A descending upper trendline and an ascending lower trendline are seen in the symmetrical triangle formation, and the trend of both lines is proportional. It is recommended that the investor watch the market for a while in the formation of the symmetrical triangle formation, which is considered a neutral formation when used on its own.

As can be seen in the chart above, the top and bottom points continue proportionally, and buyers and sellers continue to trade proportionally.

Wedge Formations

The wedge pattern is essentially the same as the triangle pattern. However, in the wedge formation, the prices begin to appear in a less wide and tighter way. In the formation of a wedge formation, the price is expected to break before the two border lines merge with each other. It is examined in two different ways as an ascending and descending wedge.

What is a Rising Wedge?

In the rising wedge, which is considered a bearish reversal pattern, it is seen that the upward trend is getting weaker as the prices tighten and it is seen that the lower trendline may be broken at the end of the price. If the rising wedge is formed in an uptrend, it is interpreted as the trend will fall, on the contrary, it means that there may be a short rise, but the downward direction will continue.

As can be seen in the chart above, the prices started to tighten as they went up, and as a result, the prices continued in a downward trend.

What is a Descending Wedge Pattern?

A descending wedge is considered a bullish reversal, as opposed to an ascending wedge. In the descending wedge formation, it is seen that the lower trend weakens as the prices tighten and it is seen that the price may eventually break the upper trend line. If the rising wedge formation is formed downwards, this formation indicates that the trend will change, and in an upward trend formation, it indicates that the prices will continue in this direction.

As can be seen in the chart above, the prices started to get squeezed in the lower trend and the price movement started to form upwards.

Double Bottom and Double Top Formation

One of the most frequently used formations among the classical formations is the double bottom and double top formations. While the double top formation creates an “M” shaped appearance, the double bottom formation creates a “W” shaped appearance. In order for the pattern to be accepted, it is accepted that the pattern is formed even if the prices at the top or bottom points are not exactly at the same points.

What is the Double Top Pattern?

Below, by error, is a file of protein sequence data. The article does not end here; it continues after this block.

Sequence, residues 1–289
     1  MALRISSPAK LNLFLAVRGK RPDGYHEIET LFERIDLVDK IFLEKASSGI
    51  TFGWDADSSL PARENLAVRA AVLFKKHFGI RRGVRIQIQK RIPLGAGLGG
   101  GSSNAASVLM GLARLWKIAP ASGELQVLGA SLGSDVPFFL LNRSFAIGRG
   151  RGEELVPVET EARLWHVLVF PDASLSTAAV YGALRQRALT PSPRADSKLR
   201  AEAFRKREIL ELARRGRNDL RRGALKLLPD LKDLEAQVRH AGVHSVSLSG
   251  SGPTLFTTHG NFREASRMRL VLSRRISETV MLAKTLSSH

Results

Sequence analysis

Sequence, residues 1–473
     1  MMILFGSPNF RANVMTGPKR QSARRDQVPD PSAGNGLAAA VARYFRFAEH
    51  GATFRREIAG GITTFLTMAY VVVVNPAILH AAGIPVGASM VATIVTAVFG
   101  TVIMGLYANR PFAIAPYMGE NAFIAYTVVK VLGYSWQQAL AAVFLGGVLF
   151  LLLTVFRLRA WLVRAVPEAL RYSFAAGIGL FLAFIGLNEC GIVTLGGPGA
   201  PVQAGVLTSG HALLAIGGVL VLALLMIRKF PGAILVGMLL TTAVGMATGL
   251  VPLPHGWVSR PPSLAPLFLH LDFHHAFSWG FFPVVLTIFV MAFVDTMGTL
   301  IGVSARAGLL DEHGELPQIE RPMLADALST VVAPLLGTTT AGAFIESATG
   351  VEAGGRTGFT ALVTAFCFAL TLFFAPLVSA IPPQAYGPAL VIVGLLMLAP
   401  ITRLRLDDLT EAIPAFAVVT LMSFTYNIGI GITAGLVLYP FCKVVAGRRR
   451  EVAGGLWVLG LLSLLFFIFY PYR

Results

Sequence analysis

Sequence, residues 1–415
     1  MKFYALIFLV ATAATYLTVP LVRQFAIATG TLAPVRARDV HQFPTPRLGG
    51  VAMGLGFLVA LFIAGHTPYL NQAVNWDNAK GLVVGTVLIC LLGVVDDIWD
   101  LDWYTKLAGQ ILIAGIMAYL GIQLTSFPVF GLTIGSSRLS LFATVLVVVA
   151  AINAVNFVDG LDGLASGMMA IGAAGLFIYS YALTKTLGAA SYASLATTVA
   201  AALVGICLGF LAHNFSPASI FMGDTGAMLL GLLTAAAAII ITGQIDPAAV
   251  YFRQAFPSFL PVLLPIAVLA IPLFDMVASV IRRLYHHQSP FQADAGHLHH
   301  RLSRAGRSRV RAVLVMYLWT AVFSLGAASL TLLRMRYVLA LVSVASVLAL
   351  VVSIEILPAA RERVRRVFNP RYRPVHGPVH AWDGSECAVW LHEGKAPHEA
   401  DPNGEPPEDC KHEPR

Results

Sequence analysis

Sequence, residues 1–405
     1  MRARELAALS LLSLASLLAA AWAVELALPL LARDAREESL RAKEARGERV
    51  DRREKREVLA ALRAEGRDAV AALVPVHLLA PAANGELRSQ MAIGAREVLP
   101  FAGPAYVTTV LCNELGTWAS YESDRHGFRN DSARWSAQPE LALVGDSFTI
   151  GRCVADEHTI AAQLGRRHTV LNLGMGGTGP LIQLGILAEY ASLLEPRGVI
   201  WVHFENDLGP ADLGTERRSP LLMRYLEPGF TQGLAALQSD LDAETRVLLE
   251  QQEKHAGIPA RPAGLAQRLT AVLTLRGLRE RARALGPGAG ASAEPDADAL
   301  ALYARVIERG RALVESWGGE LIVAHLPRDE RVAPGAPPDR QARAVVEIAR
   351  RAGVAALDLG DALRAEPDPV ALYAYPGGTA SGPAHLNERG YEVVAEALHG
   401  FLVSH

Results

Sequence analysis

In the “M” view, which is formed in the double top formation, it is seen that the prices peaked twice, but then they could not continue upwards and moved downwards. The double top pattern, where the prices appear to move towards the downtrend, is considered a bear pattern. In order for the formation to occur, the prices must retrace between the two peaks.

As seen in the chart above, the prices touched the peaks twice, but the prices started to break down sharply before the rise continued.

What is a Double Bottom Formation?

The double bottom pattern is seen in the “W” view. Contrary to the double top formation, after the prices hit the bottom twice, the movement continues sharply upwards. A double bottom pattern is considered a bullish pattern as it indicates an uptrend in prices. In order for the formation to occur, the prices must rise to higher levels without retreating from the two lows.

As can be seen in the chart above, prices started to move upwards sharply after reaching the bottom point twice.

Shoulder Head Shoulder Formation

The shoulder head and shoulders pattern is a bearish reversal pattern. The formation, which consists of a neck and three crests, got this name because it looks like a head and two shoulders. The formation, which is formed by the fact that the tops on both sides of the neck are at the same level, heralds the coming of the bear market.

As seen in the chart above, a neckline and three peaks were formed and prices started to move downwards.

What is the Inverse Head and Shoulder Formation?

The inverted head and shoulders pattern is the opposite of the shoulder head shoulder pattern. This formation, which gives an important signal in the buying direction, is formed as the opposite of the shoulder-head-shoulder formation in appearance. It consists of a neck and three peaks, but since the neckline is below, the prices are in the upward direction this time.

While patterns are effective in predicting price movements in buying and selling transactions, they are somewhat difficult to obtain when used alone. Along with market conditions, other aspects of technical analysis should also be evaluated and acted upon. As we said from the very beginning, technical analysis alone never leads to precise information but it’s a great tool to use.